- Slideshow: Top Problems in Your Mouth
- Teeth Whiteners That Work
- Dental (Oral) Health Quiz
- Find a local Plastic Surgeon in your town
- Cleft lip and cleft palate facts
- What is a cleft lip? What is a cleft palate?
- How often do cleft lip and cleft palate occur?
- What are the causes and risk factors for developing a cleft lip and cleft palate?
- How do physicians diagnose a cleft lip and cleft palate?
- What are complications of a cleft lip and cleft palate?
- What is the treatment for a cleft lip and cleft palate?
- What is the prognosis for a cleft lip and cleft palate?
- Is it possible to prevent a cleft lip or cleft palate?
Cleft lip and cleft palate facts
- Cleft lip and palate are developmental defects of the upper lip and roof of the mouth that are present at birth (congenital malformations).
- Cleft lip and palate may occur separately and in combination.
- Both malformations occur as a consequence of incomplete fusion of the developing lip (normally occurs by 35 days of gestation) or of incomplete fusion of the hard or soft palate (normally occurs by the eighth to ninth week of gestation).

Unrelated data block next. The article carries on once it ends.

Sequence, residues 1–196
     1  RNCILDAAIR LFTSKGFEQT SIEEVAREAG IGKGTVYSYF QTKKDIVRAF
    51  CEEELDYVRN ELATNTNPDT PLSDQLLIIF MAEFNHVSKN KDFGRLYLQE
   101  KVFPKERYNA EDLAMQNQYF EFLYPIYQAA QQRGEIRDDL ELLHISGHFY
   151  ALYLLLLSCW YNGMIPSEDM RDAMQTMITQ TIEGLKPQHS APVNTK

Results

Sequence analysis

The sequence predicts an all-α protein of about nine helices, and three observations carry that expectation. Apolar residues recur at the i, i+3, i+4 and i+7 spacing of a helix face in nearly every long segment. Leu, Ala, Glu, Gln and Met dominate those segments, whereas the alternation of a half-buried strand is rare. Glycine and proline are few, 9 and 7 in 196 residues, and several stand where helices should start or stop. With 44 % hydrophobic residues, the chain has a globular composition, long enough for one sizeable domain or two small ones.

What is a cleft lip? What is a cleft palate?
A cleft lip is an opening extending through the upper lip. It may be in the midline (center) or left and/or right side of the lip. A cleft palate is an opening of the hard palate (the bony front portion of the roof of the mouth) or the soft palate (the muscular non-bony region in the rear of the roof of the mouth. Similar to a cleft lip, a cleft palate may be midline and/or to either right of left side of the palate. A cleft palate may extend from the upper jawbone to the rear of the throat.
Since development of the lip and palate occur at different times during gestation, an infant may have either a cleft lip or cleft palate or clefting of both regions.
How often do cleft lip and cleft palate occur?
Cleft lip, either as a sole malformation or coupled with cleft palate occur in approximately one in 700 live births. Boys are twice as likely to have a cleft lip with or without an associated cleft palate. On the other hand, girls are more likely to have a cleft palate alone (those not associated with a cleft lip malformation). Ethnic background has been shown to affect the frequency of clefts. Children of Asian, Latino, or Native American ancestry are more frequently affected when compared to those of Caucasian background.